Facebook (FB) CEO Mark Zuckerberg announced this week that the social networking site he co-founded in February 2004 reached 1 billion users in September, more than double its user base in 2010 and a 400% increase in users in just six years. Zuckerberg broke the news on NBC's "Today" show and thanked Facebook users in an online letter:
"This morning, there are more than one billion people using Facebook actively each month.
If you're reading this: thank you for giving me and my little team the honor of serving you.
Helping a billion people connect is amazing, humbling and by far the thing I am most proud of in my life.
I am committed to working every day to make Facebook better for you, and hopefully together one day we will be able to connect the rest of the world too."
One in seven people around the globe have Facebook profiles and just two countries (India and China) have more citizens than Facebook has users. Four out of five Facebook members are outside the U.S. and Facebook's top markets are the U.S., Brazil, India, Mexico and Indonesia. The company had 845 million users when it filed for its initial public offering in February and 219 billion photos have been uploaded to the site.
The Daily Ticker's Aaron Task and Henry Blodget both agree that Facebook's biggest challenge — and the one that has dogged it for years — continues to be the company's ability to monetize the vast amount of information it collects from users. Investors have sold shares of Facebook at a rapid rate since the May 18 IPO because of growth concerns. The stock has fallen more than 40% in six months. Facebook makes about $15 in revenue per user compared to Google that earns $88 per person according to The Wall Street Journal.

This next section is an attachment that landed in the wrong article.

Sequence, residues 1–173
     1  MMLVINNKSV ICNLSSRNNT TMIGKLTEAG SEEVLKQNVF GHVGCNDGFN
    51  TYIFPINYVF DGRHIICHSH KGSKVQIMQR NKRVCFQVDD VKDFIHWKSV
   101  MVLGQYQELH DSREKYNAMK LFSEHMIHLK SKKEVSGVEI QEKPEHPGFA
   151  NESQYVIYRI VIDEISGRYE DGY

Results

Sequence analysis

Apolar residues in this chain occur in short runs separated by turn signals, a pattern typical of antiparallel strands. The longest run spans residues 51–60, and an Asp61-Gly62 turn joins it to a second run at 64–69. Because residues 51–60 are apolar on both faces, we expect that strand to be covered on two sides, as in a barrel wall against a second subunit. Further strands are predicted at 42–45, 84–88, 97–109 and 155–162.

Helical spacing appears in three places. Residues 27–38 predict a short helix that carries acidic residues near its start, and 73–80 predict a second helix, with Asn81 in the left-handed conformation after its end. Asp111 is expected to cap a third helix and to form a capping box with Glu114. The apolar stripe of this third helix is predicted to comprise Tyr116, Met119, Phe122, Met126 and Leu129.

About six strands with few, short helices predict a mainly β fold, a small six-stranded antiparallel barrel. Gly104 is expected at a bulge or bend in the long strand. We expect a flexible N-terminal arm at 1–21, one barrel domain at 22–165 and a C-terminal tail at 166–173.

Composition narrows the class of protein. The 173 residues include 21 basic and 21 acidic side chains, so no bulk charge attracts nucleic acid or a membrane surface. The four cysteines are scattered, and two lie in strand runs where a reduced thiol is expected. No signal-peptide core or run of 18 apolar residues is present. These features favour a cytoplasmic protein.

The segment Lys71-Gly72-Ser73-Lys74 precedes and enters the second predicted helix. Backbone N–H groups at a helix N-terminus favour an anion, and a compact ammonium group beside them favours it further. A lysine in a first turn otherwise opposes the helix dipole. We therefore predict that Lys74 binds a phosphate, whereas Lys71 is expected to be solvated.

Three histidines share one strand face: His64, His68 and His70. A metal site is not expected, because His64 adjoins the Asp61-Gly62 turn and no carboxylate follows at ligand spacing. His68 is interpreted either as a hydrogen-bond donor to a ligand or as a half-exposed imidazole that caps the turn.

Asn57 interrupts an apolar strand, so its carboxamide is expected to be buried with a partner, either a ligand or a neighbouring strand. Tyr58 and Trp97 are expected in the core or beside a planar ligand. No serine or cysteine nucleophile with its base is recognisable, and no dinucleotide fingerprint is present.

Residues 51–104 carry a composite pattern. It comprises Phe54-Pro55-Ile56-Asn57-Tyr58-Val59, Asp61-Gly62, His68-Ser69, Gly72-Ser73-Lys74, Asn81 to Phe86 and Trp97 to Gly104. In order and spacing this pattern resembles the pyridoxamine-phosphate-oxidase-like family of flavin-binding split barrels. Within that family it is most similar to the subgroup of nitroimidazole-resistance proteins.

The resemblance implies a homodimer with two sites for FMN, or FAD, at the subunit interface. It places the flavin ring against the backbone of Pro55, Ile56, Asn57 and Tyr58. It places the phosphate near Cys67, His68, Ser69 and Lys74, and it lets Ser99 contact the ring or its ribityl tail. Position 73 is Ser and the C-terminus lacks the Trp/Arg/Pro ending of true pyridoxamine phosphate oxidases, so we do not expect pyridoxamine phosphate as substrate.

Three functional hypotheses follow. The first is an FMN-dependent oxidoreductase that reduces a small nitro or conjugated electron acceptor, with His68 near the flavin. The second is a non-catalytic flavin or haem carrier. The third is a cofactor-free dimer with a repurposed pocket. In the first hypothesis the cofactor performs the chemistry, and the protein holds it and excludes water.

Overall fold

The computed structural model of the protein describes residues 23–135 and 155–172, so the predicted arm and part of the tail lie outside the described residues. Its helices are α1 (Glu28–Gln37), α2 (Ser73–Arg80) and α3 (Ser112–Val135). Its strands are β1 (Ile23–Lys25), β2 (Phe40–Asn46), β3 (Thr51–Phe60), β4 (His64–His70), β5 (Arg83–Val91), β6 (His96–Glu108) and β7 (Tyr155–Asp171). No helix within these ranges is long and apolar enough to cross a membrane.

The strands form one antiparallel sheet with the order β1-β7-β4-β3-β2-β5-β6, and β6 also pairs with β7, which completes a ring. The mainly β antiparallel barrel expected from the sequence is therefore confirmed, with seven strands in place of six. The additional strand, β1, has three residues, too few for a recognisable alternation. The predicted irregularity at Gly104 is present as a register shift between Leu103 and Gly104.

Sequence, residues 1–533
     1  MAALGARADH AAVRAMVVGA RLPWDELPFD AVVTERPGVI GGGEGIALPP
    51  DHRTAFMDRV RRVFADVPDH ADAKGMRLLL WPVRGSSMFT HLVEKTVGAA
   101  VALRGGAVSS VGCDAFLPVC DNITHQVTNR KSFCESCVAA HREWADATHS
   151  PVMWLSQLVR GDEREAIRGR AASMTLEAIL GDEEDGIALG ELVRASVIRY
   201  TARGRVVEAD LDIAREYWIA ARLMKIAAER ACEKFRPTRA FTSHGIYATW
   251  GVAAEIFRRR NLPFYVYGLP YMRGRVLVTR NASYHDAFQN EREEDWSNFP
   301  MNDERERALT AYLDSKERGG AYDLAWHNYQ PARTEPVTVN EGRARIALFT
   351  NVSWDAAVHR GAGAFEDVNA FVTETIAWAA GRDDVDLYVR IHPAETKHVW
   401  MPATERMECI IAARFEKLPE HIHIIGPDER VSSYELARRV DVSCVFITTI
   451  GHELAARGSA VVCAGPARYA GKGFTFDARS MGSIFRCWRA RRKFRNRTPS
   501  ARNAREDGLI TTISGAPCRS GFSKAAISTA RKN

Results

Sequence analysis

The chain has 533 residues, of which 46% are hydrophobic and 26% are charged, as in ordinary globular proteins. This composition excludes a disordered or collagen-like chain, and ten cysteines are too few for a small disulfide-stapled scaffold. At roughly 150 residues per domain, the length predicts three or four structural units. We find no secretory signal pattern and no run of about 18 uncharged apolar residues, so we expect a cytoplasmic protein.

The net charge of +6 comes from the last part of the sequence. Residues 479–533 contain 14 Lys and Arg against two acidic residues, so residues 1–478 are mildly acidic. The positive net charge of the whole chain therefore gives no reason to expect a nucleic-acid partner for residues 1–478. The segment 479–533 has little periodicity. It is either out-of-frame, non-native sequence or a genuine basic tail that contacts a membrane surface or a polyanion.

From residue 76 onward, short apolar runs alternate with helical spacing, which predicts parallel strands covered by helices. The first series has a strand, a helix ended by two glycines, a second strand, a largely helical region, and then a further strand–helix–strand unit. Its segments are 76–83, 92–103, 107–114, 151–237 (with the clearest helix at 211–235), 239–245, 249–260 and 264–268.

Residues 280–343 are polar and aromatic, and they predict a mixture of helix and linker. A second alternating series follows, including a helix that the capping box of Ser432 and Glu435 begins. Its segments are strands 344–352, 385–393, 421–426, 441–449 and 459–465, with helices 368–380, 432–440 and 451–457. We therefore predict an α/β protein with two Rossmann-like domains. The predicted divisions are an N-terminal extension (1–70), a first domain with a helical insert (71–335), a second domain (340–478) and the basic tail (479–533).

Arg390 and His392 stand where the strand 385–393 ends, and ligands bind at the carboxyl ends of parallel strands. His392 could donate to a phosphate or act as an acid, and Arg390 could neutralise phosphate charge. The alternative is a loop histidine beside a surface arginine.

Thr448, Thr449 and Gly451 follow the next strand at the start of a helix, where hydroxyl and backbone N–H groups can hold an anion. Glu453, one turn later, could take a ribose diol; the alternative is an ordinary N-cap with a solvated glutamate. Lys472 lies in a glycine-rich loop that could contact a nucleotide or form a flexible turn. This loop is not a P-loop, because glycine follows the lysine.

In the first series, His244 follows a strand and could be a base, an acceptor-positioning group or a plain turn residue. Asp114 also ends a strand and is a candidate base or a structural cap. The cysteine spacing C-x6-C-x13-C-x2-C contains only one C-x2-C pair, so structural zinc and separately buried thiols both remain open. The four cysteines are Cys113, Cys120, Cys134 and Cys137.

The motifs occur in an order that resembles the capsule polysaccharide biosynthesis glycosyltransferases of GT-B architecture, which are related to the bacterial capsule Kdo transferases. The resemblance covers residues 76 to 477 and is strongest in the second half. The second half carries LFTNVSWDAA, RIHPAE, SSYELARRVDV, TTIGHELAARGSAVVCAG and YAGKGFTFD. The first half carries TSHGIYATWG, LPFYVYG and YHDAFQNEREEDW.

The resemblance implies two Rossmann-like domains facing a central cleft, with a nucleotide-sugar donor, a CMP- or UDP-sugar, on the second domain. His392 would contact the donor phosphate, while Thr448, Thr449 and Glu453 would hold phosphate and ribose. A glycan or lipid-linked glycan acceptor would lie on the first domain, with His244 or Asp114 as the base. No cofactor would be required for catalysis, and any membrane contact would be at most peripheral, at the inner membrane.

More users mean more revenue for Facebook but eventually Facebook will hit the "land of diminishing returns," says Blodget. How much more profit can Facebook generate from its next 6 billion users, he asks, when Facebook's current user base already controls "way more than half of the wealth in the world."
Facebook's mission may be to connect the world and make it an open place but it needs to bring in money to achieve that goal either through advertising, search or charging for special features. Facebook COO Sheryl Sandberg told advertisers this week that management was reviewing "premium services for businesses" such as the one it began testing Wednesday. This service costs users $7 to "promote" a post which will appear at the top of the newsfeed and guarantee that friends see it. Facebook just launched a new e-commerce feature called "Gifts" that allows users to send Magnolia cupcakes, eyeglasses, Starbucks coffee, and other types of gifts to their Facebook friends by simply by clicking a small "gift" icon. Facebook will earn a cut from each gift transaction.
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